A New York landlord's claim that he was justified in refusing to let transgendered clients with the Hispanic AIDS Forum use any of his building's rest rooms or common areas should be rejected, the American Civil Liberties Union told the New York State supreme court Friday. "The landlord's contempt for HAF's transgendered clients is truly shameful," said James Esseks, litigation director of the ACLU's AIDS Project, which filed a complaint in 2001 on behalf of the group. "By suggesting that they were justified in excluding HAF's transgendered clients from using the building's common areas and rest rooms, the building owners are ignoring bedrock principles of antidiscrimination law."
The complaint, filed by the ACLU in June 2001, asserts that HAF, the leading Latino HIV/AIDS agency in New York, was effectively forced out of its home of 10 years in Jackson Heights, Queens--an epicenter of the AIDS epidemic in U.S. Latino communities--because the landlord acquiesced to complaints from another tenant that the agency's transgendered clients were using the "wrong" rest rooms. HAF repeatedly tried to negotiate with the landlord to reach an agreement that would be acceptable to all parties over the use of the rest rooms, but the landlord refused to renew the lease, saying he didn't even want the transgendered clients in any of the common areas of the building. "The landlord made it very clear that he had no respect whatsoever for transgendered people," said Heriberto Sanchez Soto, executive director of HAF. "For the sake of all of our clients who have been disadvantaged by this discrimination--but especially our transgendered clients--I hope the judge sends a very clear message that these kinds of attitudes won't fly in New York City."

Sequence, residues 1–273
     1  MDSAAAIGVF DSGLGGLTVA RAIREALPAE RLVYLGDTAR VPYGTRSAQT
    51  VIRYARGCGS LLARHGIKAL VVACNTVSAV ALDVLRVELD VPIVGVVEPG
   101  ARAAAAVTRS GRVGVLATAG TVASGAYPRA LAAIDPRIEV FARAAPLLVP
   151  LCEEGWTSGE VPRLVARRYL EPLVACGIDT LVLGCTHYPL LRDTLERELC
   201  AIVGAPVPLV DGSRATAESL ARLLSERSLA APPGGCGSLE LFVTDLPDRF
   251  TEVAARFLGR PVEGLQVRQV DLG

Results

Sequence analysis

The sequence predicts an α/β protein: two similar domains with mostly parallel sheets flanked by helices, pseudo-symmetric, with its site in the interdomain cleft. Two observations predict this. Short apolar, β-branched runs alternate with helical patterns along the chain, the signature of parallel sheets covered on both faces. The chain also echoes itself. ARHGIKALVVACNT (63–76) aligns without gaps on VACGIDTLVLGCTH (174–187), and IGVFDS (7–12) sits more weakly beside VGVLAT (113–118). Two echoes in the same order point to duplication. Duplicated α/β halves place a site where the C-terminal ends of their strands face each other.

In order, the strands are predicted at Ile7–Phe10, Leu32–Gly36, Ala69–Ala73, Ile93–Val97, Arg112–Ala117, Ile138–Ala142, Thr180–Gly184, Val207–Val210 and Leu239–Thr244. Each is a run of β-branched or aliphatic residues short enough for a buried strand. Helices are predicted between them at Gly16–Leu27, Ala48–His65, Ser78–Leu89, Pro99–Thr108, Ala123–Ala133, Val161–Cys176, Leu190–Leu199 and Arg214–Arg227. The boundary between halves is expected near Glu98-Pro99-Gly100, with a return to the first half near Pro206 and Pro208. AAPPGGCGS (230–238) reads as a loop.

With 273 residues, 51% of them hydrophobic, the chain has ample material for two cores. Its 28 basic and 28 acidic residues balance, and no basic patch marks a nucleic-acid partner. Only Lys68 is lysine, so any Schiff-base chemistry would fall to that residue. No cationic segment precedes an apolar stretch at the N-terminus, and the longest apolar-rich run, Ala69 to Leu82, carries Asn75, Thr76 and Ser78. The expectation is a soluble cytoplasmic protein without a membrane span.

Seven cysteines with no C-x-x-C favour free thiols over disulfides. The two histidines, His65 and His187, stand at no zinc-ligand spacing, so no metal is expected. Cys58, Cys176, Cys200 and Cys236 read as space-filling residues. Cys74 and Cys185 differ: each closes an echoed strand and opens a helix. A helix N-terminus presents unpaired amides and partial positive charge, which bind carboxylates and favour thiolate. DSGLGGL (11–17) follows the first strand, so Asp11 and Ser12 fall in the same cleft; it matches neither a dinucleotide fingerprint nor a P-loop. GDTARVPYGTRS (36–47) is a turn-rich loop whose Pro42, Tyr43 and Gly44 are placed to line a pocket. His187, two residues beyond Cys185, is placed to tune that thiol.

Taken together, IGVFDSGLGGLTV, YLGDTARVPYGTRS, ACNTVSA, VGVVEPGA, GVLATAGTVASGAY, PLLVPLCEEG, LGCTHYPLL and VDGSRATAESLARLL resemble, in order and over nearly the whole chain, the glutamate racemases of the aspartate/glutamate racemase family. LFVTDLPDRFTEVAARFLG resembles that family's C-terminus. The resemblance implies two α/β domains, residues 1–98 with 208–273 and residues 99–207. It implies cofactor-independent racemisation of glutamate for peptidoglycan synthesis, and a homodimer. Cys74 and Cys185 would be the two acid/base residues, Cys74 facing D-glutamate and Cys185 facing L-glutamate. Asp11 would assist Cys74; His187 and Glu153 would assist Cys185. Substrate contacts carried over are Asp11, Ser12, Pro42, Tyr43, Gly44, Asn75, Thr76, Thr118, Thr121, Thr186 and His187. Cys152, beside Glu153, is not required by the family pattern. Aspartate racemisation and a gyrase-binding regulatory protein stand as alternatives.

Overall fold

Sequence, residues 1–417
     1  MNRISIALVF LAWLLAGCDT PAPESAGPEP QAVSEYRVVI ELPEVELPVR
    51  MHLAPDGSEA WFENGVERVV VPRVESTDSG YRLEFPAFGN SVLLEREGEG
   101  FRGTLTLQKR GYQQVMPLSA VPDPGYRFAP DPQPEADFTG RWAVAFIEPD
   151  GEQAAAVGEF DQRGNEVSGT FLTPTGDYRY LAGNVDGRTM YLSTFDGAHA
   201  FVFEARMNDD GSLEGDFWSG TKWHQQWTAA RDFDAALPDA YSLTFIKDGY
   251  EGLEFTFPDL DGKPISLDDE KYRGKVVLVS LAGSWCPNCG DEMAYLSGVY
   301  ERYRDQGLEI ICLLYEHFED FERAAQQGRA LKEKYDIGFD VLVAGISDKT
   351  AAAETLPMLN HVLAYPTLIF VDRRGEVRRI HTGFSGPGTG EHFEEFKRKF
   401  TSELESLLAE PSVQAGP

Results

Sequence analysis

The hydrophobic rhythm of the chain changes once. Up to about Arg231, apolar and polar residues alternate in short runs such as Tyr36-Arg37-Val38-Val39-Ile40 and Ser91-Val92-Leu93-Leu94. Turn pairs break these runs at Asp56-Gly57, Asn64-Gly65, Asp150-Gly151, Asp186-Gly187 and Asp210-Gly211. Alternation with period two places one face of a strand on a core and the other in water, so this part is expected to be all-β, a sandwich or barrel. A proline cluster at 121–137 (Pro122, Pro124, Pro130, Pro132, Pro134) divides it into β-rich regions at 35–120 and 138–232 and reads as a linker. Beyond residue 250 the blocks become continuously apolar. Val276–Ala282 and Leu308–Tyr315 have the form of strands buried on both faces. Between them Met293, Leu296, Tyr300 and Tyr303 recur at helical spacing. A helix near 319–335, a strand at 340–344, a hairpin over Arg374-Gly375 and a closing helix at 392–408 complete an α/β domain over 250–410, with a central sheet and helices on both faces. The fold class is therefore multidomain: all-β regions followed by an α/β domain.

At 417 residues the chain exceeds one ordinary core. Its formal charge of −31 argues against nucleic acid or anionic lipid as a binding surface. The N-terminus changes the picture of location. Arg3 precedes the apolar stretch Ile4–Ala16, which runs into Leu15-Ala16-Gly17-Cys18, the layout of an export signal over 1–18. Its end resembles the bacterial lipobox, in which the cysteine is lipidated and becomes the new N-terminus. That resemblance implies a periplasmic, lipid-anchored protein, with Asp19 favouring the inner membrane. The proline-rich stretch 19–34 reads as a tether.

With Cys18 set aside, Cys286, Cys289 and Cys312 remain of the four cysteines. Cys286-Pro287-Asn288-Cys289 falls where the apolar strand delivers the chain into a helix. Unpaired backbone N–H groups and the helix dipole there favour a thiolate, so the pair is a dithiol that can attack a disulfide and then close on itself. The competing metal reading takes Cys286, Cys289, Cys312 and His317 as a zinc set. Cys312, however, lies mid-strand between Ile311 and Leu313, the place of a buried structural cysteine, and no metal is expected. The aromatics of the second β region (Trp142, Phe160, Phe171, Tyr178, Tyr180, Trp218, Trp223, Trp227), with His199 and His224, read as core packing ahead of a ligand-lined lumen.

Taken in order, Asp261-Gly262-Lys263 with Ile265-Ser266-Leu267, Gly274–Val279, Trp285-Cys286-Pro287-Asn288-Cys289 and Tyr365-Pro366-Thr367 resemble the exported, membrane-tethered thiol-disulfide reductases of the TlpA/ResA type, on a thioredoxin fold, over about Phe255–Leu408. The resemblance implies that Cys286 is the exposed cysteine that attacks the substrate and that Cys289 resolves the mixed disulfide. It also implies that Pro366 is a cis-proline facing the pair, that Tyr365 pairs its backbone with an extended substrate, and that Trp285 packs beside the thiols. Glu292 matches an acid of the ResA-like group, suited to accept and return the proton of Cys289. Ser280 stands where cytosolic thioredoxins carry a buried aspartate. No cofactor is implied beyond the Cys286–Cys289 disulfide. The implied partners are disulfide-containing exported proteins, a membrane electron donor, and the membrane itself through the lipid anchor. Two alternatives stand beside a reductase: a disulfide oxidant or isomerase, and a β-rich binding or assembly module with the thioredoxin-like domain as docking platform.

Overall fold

The landlord had filed a motion to dismiss the complaint, which was the subject of Friday's hearing. According to the ACLU lawsuit, the estate of Joseph Bruno, which owns the building in Jackson Heights, and an associated trust and its trustees violated state and local laws that prohibit discrimination based on sex, gender, and disability. The lawsuit asks for unspecified damages, citing the financial and practical impact the move had on the HAF's ability to reach people badly in need of services. The court has not yet issued a ruling.